How One California County is Partnering With Cannabis

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Yolo County in California has decided to find an answer to help cannabis workers in the state using the SICPATRACE solution.

As of September 6th of this year, SICPA has released a statement showing their partnership with Yolo County and their attempts to implement the SIXPATRACE Cannabis Control and Compliance System. The solution will help to implement several programs across the state such as training as well as support on site. The program’s main goal is to help the state implement the new laws and integrate the states marijuana legislation.

SICPA Vice President and Director of Business Development Alex Spelman stated that “The customizable SICPATRACE® solution, combined with SICPA’s local approach to training and on-site support throughout the implementation process, has allowed operators at 68 registered sites in Yolo County to tag more than 88,000 plants since March, providing local officials with far greater insight into cannabis products as they move through the supply chain.”

The Agricultural Commissioner for Yolo County, John Young stated that “Our partnership with SICPA has enabled us to bring greater transparency to the cannabis supply chain in Yolo County, allowing for more reliable enforcement, generating greater confidence for consumers, and enabling product safety testing and SICPA’s ongoing support has streamlined implementation for cultivators, distributors, and officials.”

The hopes are high that the implementation of this program will work well with the system that is currently in place. Spelman further added that “The CalOrigin solution not only brings greater transparency to the supply chain but will enable county officials and industry leaders to advance the Yolo County brands or appellations in the cannabis marketplace. With the SICPA proof of origin solution, California patients and consumers can fully verify the sourcing of Yolo-produced cannabis, validate testing results and see specific attributes of products such as sun-grown or ‘sustainably farmed’ certifications.”

With the program working to help approved businesses, hopefully, the safety and security of the legislation can be matched by this new program.
[9/15/17, 3:37:07 PM] Josh Bernstein: Protection of Cannabis Under Threat by the Feds

Recently, a committee in Congress decided to spend their time cracking down on the various medical cannabis businesses across the country by removing one piece of crucial protection they have at the federal level.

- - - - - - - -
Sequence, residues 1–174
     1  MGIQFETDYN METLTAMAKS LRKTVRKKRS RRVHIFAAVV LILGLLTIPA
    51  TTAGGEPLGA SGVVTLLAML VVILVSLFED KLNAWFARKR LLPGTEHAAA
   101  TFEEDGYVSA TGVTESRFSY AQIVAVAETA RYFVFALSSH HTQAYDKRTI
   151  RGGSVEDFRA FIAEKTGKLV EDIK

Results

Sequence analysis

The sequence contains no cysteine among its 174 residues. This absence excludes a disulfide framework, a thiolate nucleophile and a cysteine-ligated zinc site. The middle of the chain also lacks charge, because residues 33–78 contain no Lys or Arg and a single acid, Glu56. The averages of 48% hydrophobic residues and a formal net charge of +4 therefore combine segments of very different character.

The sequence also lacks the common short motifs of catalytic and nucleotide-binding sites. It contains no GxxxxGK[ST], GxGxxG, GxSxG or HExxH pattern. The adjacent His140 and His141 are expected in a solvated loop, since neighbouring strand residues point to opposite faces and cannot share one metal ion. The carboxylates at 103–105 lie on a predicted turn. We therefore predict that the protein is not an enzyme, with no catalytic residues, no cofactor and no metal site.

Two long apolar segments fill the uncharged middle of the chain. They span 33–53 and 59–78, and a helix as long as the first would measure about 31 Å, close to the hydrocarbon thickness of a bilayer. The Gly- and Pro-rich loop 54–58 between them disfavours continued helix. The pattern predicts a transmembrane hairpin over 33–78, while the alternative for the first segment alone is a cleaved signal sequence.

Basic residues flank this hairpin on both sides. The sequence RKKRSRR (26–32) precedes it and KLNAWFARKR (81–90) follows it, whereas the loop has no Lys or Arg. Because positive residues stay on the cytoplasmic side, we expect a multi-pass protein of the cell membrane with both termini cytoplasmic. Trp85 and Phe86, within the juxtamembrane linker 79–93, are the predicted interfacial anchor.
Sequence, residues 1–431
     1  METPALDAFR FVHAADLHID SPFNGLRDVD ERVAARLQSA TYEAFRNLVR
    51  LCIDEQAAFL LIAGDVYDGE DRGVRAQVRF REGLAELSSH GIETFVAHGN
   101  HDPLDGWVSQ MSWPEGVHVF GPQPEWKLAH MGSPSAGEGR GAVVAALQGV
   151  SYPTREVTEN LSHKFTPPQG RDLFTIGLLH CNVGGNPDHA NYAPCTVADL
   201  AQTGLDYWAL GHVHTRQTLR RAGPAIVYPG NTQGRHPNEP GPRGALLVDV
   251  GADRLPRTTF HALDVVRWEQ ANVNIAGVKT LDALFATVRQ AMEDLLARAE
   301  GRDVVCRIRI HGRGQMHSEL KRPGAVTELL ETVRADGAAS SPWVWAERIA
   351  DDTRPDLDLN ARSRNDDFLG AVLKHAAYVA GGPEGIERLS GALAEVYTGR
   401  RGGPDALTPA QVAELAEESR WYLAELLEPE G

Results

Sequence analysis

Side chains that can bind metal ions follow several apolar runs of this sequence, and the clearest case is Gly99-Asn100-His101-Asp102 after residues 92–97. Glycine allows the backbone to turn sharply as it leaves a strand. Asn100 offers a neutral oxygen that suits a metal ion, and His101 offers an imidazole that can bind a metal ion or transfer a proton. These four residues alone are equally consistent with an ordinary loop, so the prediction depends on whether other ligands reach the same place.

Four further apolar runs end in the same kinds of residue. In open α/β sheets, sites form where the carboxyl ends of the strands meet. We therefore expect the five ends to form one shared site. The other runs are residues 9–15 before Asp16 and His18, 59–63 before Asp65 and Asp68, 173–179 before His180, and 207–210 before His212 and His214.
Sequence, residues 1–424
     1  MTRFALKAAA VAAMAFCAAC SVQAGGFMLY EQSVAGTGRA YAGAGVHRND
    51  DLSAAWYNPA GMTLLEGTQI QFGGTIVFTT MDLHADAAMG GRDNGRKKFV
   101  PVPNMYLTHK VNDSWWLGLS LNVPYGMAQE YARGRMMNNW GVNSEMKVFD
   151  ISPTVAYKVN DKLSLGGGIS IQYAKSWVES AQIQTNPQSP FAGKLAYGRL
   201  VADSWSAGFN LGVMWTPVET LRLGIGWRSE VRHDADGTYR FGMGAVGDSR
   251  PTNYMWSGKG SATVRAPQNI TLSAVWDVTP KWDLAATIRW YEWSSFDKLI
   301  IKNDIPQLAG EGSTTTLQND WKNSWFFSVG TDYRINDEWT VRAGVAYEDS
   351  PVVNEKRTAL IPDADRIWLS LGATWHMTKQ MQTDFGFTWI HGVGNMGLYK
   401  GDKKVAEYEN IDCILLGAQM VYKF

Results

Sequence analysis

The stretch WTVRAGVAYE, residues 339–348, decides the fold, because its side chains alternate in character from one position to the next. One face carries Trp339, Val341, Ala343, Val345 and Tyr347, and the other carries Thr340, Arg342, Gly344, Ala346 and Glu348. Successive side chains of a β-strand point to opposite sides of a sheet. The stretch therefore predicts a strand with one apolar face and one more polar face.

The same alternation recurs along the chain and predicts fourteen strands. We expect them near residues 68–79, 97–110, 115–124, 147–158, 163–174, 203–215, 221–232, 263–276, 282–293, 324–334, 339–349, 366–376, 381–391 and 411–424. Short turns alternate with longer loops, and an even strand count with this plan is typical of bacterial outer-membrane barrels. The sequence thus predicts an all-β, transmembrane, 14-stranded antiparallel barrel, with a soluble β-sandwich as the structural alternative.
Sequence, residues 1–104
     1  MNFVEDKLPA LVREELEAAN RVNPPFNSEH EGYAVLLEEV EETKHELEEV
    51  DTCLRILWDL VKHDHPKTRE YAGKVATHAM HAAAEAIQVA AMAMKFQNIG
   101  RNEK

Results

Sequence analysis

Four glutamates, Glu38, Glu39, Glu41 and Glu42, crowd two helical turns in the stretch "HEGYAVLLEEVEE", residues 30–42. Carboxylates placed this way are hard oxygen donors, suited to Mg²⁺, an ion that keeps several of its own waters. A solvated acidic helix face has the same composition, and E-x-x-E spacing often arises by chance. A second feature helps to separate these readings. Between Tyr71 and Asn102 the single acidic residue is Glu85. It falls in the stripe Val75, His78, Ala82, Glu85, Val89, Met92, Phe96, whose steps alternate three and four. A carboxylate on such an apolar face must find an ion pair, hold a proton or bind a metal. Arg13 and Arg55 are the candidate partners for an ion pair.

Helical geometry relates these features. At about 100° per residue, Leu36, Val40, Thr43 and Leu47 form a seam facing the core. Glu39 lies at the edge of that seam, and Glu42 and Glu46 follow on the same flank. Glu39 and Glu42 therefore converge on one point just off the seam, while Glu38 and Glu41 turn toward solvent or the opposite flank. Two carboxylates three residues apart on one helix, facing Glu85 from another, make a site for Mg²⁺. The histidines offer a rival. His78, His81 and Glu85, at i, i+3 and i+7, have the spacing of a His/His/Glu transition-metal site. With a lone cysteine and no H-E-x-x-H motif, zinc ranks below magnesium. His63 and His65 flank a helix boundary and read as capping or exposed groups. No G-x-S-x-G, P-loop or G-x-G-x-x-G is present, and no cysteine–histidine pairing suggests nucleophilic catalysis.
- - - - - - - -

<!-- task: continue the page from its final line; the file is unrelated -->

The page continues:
The House Rules committee decided to get rid of the Rohrabacher-Blumenauer amendment from the 2018 spending bill stating that the amendment is simply “out of order.”

The amendment is currently on the budget bill by the Senate which could hopefully be a good sign if the president decides to sign it into law.

The Rohrabacher-Blumenauer amendment essentially states that the cannabis industry can grow without the blockades put by the federal government and the Justice Department. The amendment helps token federal tax dollars from interfering with individual state laws regarding cannabis. The bill has fortunately been on every federal budget that has been passes since December of 2014.

One congressman state that “by blocking our amendment, Committee leadership is putting at risk the millions of patients who rely on medical marijuana for treatment, as well as the clinics and businesses that support them. This decision goes against the will of the American people, who overwhelmingly oppose federal interference with state marijuana laws. These critical protections are supported by a majority of our colleagues on both sides of the aisle. There’s no question: If a vote were allowed, our amendment would pass on the House floor, as it has several times before.”

There are many cannabis groups that are incredibly outraged by the decision from the House Rules committee. They have released several statements that have criticized the actions. Don Murphy, who is the director of conservative outreach for the advocacy group Marijuana Policy Project stated that “this vote is a slap in the face of patients, their families, their elected representatives, and the 10th Amendment.”

Time will tell what occurs with this bill and the future of marijuana on a federal and state level.

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